Last week I received a call from Curt who works for the Derrick. He is the person who writes the Religious section for the paper. We had a lovely conversation which focused on the tradition of LENT in our Reformed /Presbyterian Church. Curt was asking how Presbyterians honor/practice lent. What do we ‘give up’?
Presbyterians do not have a strong tradition of ‘giving up’ some specific food or habit. (Although it is perfectly acceptable if you are committed to do/sacrifice that in memory/honor of what Christ has done in your life). We, as Presbyterians, often use this time of Lent to focus on, or work on, some way in which we might honor Christ and response to all that Christ has done in our lives and the world. We might make a point of identifying areas in which we are unforgiving, and then work to release those feelings or actions – allowing us to serve Christ with new freedom. We might work on our tendency to be selfish or other areas in our lives that are not furthering the Kingdom of God on earth.
A few years ago, one of my very close friends decided to intentionally focus on actively ‘doing’ a ‘Christ-like’ response each day during Lent. One day she worked at a woman’s shelter and made a point of listening to the stories of the women who were temporarily living at that shelter. Another day she made cookies for a neighbor who was always complaining about everything and was a difficult person to care about. Another day she took an inventory of people in her life who had been unfair to her, and she intentionally prayed for them to have peace and joy. This went on for the 40 days of Lent that season.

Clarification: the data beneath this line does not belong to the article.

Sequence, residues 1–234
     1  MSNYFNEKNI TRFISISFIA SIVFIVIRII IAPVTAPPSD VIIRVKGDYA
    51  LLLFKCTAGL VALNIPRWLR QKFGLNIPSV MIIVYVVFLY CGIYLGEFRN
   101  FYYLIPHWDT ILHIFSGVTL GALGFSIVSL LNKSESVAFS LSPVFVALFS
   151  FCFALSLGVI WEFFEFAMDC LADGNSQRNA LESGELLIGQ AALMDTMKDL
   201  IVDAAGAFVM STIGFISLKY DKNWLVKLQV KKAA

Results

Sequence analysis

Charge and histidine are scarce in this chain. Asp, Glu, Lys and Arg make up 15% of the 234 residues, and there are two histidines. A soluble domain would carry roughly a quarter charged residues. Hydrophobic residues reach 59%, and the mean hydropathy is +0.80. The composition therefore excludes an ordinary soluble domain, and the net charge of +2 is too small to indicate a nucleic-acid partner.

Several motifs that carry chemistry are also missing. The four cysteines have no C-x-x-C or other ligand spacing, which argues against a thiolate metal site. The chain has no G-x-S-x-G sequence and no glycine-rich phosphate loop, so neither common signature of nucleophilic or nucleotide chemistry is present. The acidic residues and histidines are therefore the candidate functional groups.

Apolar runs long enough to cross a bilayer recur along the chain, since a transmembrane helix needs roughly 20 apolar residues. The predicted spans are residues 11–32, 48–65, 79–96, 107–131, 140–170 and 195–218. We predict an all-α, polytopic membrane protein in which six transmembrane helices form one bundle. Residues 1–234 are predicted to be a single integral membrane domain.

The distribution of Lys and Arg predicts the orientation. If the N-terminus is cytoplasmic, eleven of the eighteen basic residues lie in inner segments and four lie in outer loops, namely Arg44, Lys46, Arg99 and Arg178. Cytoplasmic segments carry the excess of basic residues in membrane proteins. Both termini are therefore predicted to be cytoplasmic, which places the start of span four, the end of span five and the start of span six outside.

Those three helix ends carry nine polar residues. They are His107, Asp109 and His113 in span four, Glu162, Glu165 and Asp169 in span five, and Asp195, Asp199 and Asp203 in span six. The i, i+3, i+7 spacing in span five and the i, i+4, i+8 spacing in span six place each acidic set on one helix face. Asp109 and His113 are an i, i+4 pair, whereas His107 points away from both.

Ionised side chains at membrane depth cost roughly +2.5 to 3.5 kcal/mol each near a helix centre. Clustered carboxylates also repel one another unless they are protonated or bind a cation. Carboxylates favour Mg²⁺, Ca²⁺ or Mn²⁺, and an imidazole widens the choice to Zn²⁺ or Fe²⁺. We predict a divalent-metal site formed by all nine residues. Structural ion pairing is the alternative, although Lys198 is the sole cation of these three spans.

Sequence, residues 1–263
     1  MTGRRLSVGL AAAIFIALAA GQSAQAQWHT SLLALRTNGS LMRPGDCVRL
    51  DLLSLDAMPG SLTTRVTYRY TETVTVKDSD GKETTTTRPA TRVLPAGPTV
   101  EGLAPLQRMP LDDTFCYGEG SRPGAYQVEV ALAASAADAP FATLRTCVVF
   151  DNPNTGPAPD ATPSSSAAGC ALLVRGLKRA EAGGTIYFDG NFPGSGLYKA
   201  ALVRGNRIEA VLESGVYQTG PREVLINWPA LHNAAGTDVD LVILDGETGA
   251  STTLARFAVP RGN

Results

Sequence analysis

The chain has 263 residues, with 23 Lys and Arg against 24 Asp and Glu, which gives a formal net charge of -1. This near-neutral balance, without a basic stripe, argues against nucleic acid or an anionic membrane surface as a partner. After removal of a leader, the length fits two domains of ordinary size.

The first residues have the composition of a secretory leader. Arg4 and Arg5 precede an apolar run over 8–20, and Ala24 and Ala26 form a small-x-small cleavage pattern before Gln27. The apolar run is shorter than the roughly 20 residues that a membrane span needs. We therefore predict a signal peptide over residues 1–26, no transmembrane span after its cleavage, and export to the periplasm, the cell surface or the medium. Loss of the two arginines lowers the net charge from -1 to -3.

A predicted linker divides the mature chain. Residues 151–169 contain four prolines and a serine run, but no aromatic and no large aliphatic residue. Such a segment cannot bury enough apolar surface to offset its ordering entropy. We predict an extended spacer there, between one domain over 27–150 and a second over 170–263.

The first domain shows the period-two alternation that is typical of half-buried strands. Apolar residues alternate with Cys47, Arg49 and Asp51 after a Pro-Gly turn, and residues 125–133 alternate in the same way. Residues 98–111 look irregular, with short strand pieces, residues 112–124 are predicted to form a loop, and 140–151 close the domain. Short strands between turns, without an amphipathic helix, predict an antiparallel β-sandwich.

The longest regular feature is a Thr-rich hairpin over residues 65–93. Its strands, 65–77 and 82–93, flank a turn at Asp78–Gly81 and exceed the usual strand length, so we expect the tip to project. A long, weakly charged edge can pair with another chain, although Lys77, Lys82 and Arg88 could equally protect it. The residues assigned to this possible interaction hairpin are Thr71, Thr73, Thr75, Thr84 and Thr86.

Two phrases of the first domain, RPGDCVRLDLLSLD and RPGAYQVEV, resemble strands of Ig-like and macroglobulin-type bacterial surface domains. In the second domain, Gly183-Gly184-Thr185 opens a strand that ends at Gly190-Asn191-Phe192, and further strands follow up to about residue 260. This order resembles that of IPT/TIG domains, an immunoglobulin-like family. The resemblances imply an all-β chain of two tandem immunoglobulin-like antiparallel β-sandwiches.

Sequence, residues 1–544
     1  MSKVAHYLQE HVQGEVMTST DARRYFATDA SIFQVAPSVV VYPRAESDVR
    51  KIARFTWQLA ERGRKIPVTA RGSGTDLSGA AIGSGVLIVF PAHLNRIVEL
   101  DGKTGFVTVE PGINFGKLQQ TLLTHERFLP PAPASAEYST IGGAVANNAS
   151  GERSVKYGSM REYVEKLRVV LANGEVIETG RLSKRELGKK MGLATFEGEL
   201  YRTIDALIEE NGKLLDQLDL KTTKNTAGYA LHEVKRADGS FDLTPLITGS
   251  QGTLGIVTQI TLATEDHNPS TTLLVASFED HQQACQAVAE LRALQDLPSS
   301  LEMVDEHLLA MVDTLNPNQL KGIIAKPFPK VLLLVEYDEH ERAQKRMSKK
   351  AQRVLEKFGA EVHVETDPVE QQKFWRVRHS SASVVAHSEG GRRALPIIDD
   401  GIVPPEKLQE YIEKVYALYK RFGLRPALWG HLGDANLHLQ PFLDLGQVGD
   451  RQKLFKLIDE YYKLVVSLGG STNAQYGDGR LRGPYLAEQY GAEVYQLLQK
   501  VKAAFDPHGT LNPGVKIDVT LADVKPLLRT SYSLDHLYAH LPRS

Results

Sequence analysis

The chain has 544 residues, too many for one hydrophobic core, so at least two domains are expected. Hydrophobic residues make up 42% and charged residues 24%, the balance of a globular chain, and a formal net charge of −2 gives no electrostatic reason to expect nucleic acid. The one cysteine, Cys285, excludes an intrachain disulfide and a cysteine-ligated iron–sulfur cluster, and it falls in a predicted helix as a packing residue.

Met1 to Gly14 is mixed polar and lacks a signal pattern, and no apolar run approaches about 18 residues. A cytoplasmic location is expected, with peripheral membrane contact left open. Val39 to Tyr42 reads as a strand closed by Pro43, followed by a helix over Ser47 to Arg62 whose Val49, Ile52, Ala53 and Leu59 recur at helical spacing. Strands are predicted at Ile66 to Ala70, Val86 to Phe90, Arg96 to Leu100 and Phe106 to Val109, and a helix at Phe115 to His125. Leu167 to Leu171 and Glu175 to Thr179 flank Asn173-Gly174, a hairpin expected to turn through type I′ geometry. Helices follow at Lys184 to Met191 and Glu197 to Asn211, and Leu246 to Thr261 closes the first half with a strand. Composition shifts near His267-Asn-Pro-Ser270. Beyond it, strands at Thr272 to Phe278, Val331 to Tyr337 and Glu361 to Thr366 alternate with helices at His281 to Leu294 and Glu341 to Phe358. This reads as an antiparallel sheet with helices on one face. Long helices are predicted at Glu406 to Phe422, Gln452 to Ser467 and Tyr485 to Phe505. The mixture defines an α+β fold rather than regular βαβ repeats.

My friend told me that this experience of LENT was life changing. It was cleansing. It was enlightening. It was healing. It was empowering. It was life giving. This practice of caring for others and living out the message of Christ to the world prepared her for the journey Christ took on our behalf and allowed her to rejoice at the strength in suffering and the joy and gift of Salvation through Christ.
This Lenten season, may we as a church community, work to follow the footsteps of our Lord, to reach out to others in love, to examine our hearts and minds and focus on understanding Christ’s gift of GRACE to ourselves and to the world.
May God Bless you as you move to be the hands and feet of Christ wherever you are and with whomever you meet throughout this Lenten Season.